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Topic 28 - 3
Psychological Risks
Associated with Blepharoplasty 
blepharoplasty physical risks Risks & Revision blepharoplasty late risks

Patients with known or undocumented preexisting psychological disorders may respond inappropriately to a normal healing process and final result after blepharoplasty. This topic is covered in Chapter 39.

Here we present a brief look at postoperative disappointments and difficulties that sometimes arise in perfectly well-adjusted people who failed to be educated by the surgeon (or to educate themselves) about the nature of cosmetic eyelid surgery until after the fact.

unhappy eye

Unrealistic expectations: If you are expecting "perfection" from your surgery, be warned that you are all but certain to be disappointed. It is important, therefore, to understand exactly what you should and should NOT anticipate from any given cosmetic eyelid surgery. If your expectations are inappropriate or inflated because of your lack of preparation or your surgeon's lack of explanation, no matter how wonderful the result may be from an objective point of view, you will not be satisfied. So you should understand going into it that perfection is never attained because no surgeon is perfect, no wound will heal perfectly, and most patients possess some anatomic limitations. If you can't accept this concept, you should not undergo cosmetic surgery.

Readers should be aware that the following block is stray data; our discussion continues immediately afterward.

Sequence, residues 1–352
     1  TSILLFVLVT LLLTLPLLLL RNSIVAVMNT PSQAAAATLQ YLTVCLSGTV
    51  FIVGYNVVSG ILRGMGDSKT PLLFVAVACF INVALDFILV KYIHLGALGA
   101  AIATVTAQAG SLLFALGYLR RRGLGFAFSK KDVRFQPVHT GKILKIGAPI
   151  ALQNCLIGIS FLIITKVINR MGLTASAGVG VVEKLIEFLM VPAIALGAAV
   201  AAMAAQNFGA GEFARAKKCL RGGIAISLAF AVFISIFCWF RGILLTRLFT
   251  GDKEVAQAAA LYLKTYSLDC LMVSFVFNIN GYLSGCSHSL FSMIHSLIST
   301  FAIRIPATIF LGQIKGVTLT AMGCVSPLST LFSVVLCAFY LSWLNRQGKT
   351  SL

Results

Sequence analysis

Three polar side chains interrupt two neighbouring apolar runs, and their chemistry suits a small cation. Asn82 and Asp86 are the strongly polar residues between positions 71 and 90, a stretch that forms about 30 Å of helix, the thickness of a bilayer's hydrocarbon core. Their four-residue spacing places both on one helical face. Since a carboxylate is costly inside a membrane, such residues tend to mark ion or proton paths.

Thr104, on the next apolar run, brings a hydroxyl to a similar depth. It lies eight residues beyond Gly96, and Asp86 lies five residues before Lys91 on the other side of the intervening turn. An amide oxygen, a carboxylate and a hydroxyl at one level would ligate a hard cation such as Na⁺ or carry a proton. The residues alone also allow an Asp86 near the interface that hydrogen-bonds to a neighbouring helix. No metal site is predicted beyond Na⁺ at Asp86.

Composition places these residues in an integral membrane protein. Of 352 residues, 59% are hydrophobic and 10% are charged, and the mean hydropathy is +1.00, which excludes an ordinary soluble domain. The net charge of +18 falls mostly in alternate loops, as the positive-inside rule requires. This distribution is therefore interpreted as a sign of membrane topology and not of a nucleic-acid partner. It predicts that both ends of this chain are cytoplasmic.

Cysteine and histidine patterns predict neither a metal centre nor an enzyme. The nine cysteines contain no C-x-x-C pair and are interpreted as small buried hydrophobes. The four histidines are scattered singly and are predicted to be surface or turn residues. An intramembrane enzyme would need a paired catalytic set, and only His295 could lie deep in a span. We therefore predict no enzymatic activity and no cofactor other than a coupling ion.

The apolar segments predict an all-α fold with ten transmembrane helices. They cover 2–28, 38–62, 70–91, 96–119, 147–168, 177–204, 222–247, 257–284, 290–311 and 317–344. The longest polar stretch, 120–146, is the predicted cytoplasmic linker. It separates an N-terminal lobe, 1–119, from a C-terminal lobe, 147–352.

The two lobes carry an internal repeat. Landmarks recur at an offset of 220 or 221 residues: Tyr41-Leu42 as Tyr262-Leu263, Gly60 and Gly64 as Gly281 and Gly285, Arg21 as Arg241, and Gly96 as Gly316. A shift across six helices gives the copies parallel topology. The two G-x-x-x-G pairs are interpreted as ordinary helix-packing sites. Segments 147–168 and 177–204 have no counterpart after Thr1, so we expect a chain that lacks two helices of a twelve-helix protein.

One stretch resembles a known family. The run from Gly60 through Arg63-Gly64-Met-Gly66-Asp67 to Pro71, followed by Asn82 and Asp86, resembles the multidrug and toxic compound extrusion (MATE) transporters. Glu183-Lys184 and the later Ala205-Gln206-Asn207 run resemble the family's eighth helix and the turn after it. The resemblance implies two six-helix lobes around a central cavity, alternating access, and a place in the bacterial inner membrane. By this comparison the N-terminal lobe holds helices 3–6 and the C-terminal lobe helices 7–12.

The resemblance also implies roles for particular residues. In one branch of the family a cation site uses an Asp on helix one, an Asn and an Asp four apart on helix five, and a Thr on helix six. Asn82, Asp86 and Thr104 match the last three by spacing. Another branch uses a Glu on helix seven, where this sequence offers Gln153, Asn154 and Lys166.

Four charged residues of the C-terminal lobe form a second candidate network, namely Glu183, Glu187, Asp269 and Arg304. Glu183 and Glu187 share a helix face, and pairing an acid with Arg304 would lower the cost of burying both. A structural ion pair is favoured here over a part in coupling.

Patient indecision: Some patients (generally, those inordinately afraid of being overcorrected) make a definite point of requesting a very conservative approach ("I just want to look a tad better.") only to be disappointed by the expected undercorrection. This is not the fault of the surgery or the surgeon, who was following a specific request. While more surgery can usually be undertaken, such patients should be fully prepared to pay for the second operation.

Poor aesthetic choice: Not often mentioned in lists of blepharoplasty "complications" is the matter of inappropriate selection of procedure or poor aesthetic judgment on the part of the surgeon resulting in "technical" success but cosmetic "failure". For instance, if what you really need is an upper blepharoplasty but what you have done instead is a forehead lift, you may still be very unhappy about the way you look even though the forehead lift was performed skillfully. As with unrealistic expectations, the best (and only) approach is avoidance. Be sure you and your surgeon understand and agree upon exactly what you are getting yourself into ahead of time because the results from inappropriate surgery are often hard or impossible to reverse.

Next: Long-Term Complications
of Blepharoplasty

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Frank Meronk, Jr., M.D.
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